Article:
LEE: Only one time in my career I had that feeling, it was for this movie. It was right before we started the physical pre-production. I pre-visualized the whole ocean part before we made the movie, I was that prepared. At one point they seemed to want to drop it because it was really risky. The budget we proposed was a lot higher than they expected, they wanted to [drop it]. After all, it’s a philosophical book and a literature property, it’s not Batman (laughs). So there was one point I thought I was gonna lose it, but once I get on something I have to finish it; I just kept persuading them and they turned around. One good thing was the international guys really stood behind this movie, they thought they could support this film. So these guys step up and that’s really good, and then they turned around.
To get the greenlight, did you have to reduce a large amount of your budget? How did it change in terms of what you originally wanted to accomplish versus what you actually accomplished?
LEE: It was small changes, actually. Things that don’t have a big impact seem to be crucial. Always when you go out to make a movie you have questions, “What if this doesn’t work? What if that doesn’t work?” you want to cover yourself, you want to bring back enough [footage] so you can do something. So anything that’s not absolutely needed, we would cut it out, which would make me very insecure; everything has to work, and it’s a water movie in 3D with a kid, animals. So the more I do that, the more I’m scared of “What if it doesn’t go the way we want it?” But we had to do that to meet the budget, otherwise we wouldn’t even have a start-date.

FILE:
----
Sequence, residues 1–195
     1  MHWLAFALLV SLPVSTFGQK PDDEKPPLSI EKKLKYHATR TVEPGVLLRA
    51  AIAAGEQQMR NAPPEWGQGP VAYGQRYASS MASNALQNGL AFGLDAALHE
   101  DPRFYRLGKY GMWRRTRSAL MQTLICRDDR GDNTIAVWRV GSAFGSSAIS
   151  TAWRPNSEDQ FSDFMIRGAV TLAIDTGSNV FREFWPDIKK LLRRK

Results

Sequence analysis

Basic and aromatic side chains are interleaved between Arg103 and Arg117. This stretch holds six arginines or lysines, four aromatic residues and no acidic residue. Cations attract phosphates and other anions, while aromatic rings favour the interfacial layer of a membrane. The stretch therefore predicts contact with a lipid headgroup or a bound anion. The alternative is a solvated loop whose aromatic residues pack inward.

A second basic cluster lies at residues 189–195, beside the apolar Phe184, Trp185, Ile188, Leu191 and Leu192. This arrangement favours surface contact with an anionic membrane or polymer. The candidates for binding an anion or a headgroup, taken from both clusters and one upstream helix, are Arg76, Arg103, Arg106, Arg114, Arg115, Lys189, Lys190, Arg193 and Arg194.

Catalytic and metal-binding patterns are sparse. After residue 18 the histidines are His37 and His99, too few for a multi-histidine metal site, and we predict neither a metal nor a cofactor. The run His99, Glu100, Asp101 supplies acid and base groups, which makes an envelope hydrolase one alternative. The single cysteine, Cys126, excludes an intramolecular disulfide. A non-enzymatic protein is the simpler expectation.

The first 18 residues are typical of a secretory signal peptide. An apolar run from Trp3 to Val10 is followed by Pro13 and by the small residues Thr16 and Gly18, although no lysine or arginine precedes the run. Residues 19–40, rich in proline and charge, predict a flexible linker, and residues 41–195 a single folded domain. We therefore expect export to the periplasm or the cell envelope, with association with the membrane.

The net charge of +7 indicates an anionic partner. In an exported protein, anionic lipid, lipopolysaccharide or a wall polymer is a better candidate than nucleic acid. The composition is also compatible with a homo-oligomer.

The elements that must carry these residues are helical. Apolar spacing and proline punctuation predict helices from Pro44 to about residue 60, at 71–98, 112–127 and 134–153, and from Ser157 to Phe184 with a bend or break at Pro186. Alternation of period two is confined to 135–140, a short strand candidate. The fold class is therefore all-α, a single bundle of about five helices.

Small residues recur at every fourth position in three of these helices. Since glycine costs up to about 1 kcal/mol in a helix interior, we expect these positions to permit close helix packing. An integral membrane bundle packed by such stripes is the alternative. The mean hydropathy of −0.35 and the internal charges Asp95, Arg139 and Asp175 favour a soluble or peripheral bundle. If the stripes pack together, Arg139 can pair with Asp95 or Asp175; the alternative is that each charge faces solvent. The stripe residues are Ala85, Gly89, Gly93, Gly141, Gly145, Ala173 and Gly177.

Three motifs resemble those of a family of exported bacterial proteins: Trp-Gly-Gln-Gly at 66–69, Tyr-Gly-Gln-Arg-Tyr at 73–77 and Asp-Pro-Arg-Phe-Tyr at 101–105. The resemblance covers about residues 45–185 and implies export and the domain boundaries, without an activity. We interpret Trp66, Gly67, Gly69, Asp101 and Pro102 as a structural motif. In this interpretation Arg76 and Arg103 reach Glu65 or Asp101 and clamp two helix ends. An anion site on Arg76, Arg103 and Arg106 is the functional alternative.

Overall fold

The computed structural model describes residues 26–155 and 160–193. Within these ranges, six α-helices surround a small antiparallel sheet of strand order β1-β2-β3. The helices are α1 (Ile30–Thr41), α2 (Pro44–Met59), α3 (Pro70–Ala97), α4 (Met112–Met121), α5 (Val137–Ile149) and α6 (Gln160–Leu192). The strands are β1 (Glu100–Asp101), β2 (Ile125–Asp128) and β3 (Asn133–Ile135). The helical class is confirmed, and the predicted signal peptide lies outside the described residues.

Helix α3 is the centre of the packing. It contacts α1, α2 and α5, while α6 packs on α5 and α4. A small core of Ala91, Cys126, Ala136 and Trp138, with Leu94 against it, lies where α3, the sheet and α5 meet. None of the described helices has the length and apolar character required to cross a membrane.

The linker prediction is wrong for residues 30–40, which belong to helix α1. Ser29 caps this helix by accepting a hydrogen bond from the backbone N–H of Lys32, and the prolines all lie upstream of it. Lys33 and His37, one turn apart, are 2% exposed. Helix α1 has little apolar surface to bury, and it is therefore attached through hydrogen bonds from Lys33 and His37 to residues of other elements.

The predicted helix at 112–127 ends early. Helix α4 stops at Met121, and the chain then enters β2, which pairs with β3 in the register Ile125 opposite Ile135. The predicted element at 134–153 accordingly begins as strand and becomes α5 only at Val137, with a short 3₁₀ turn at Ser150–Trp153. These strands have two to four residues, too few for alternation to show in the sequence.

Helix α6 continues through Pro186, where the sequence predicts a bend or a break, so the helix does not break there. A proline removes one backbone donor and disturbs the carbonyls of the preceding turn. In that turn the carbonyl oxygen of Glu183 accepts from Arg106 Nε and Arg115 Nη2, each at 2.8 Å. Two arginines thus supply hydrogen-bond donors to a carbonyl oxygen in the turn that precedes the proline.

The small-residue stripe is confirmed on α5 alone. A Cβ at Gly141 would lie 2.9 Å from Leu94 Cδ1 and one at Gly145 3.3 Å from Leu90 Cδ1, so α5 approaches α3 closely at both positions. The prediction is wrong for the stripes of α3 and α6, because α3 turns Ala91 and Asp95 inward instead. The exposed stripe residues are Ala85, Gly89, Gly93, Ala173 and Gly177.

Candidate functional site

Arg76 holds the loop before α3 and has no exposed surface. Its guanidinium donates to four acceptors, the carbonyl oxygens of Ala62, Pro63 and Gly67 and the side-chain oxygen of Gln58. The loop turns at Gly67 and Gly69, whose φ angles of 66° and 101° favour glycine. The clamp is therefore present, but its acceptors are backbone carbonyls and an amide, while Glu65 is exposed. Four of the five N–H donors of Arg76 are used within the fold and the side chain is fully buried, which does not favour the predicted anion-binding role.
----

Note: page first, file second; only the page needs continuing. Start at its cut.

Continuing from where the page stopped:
LEE: About half an hour I cut out.
So you did have a little cushion?
LEE: Yeah, I didn’t think I had that two years ago. But here we are.
Your film has an amazing visual style. How much of the 30 minutes could maybe end up on the Blu-ray, or is it so rough that it would have to be finished?
LEE: I have like four or five pretty good finished scenes, digital, full tiger. Like Pi imitating the tiger, how the tiger responds. I have four or five scenes that I’m gonna put on the DVD, and then some shots I think that are just beautiful that I want to share, that got cut out to make the journey less enduring, so I will put some of that in. I’m not sure about unfinished shots, probably everything on the DVD is finished. Maybe a few unfinished so people can see them.
The scenes is it like five minutes of footage?
LEE: One or two minutes. No more than three minutes.
Are you a fan of doing an extended cut with the footage or are they just deleted scenes?
LEE: They’re deleted scenes. There’s only one movie in my career I’ve had regrets with cutting it shorter, and I think some scenes maybe I shouldn’t have cut. That’s Ride with the Devil, and when Criterion made the Blu-ray version of it I asked if I could put those scenes back and they were very nice about it, they support it, so that I did a director’s cut. Other than that movie, they’re only deleted scenes. No regrets.